SMRR Stays Neutral on RIFT
By Jorge Casuso
August 3 –A deeply divided Santa Monicans for Renters’
Rights (SMRR) membership overwhelmingly voted Sunday not to take
a position on a hotly contested anti-development initiative on the
November ballot, but, in a close vote, left the door open for the
group’s steering committee to take a stance.
SMRR officials, however, said it is unlikely the 13-member committee
would take a position on the Residents Initiative to Fight Traffic
(RIFT), which would cap most commercial development at 75,000 square
feet a year over the next 15 years. ("Anti-Development
Initiative Headed for Ballot," May 20, 2008)
“The SMRR steering committee has never done that,”
said former Mayor Dennis Zane, who is a member of the committee
and a founder of the powerful tenants’ group.
“It is legally possible, but politically impossible,”
said Zane, who told The Lookout he neither supports nor
opposes the measure.
membership votes on RIFT (Photo by Frank Gruber)
The 66 to 63 vote to allow the committee to retain its authority
to make an endorsement capped a heated debate over the measure that
pitted longstanding allies within the tenants group.
Proponents of the measure said RIFT would pace development without
“I would never take a stance on an issue that would hurt
housing,” said Council member Kevin McKeown. “Renters
are not threatened. Housing will not be constrained.”
But opponents of the measure disagreed. They argued that if developers
are kept from building mixed-use projects in commercial areas, they
would build housing projects in residential zones, displacing rent-control
“I believe this puts more pressure on tenants to get out
of their apartments,” said Council member Ken Genser.
The two sides also argured the impacts the measure would have on
“It is essential that we don’t turn into a NIMBY community,”
said Alan Toy, a former member of the Rent Control Board. “Growth
is inevitable. We need smart growth. This is lop-off growth.”
Planning Commissioner Jay Johnson disagreed. “I think it’s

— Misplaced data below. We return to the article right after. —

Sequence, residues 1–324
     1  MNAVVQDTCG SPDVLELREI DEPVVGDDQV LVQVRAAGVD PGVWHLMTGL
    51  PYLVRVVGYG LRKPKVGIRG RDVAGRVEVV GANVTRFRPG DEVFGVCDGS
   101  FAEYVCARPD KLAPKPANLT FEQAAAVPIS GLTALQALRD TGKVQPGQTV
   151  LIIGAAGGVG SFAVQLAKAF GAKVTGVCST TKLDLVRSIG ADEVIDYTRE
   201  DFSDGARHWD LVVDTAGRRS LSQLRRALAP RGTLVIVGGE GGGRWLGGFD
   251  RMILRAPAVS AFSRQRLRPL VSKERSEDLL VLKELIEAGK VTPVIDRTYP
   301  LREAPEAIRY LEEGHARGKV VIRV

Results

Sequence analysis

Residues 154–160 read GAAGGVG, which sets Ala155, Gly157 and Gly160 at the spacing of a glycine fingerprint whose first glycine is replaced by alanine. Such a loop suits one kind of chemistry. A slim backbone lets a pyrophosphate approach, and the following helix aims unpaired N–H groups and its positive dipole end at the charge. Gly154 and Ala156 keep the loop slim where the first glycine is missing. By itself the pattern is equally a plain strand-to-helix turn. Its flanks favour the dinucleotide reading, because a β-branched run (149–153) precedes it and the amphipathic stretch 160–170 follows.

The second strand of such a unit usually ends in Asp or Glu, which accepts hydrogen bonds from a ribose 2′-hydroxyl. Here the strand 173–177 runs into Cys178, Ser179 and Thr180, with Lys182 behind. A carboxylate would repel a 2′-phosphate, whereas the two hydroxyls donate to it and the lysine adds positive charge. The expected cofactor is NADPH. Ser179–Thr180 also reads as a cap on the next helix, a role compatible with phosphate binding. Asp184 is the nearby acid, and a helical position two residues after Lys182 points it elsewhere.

the right way to go,” Johnson said.
“If I’m wrong, we can correct that change,” he
said. “They’re saying put no limits. If they’re
wrong, they can’t correct it.”
The two sides also argued over the fiscal impacts of RIFT, with
opponents charging that the measure would take a bite out of future
revenues that could be used to help bankroll the School District
and other social services.
Proponents said the fear was exaggerated, since the council could
always prioritize the expenditures in the City’s general fund.
The debate became emotionally charged when McKeown accused RIFT
opponents of making it difficult to track their finances by registering
the new group “Save Our City” with the County Clerk,
which does not make financial disclosure statements readily available
by fax or on the internet, as does the City. ("RIFT
Foes Launch Campaign," July 29,2008)
“There’s less transparency. . . (you) have to go down
to Norwalk,” McKeown said, adding that the group’s treasurer
has held that post for campaigns traditionally opposed by SMRR,
including the living wage and council races.
“What do you think they’re hiding?” McKeown said.
“We can’t let this deception go unchallenged.
“The people making the money are the developers,” he
said. “The people losing their quality of life are us.”
Dolores Press, a former council member, was more blunt. “My
plea,” she said, “is that we not climb into the politically
soiled bed” with the developers.
Former Mayor Judy Abdo, co-chair of Save Our City, took offense
at the charges. “I’m very concerned about what I’ve
heard today,” she said.
Abdo, who is a member of the steering committee, then made a motion
from the floor that “we not vote on RIFT today.”
Support for the motion was nearly unanimous.
Former council member David Finkel, then made a motion to “instruct
the steering committee not to take a position.”
“People have expressed concerns that the Steering Committee
could act,” said Finkel, who is a member of the College Board.
The motion would “put this issue to bed.”
Abdo opposed the motion.
“Many things can happen between now and November,”
Abdo said. “I think it’s a mistake to tie the hands
of the steering committee.”
A vote from the floor was too close to call, although it was clear
that RIFT opponents opposed Finkel’s motion, while proponents
A ballot vote was taken, resulting in the close 66 to 63 vote.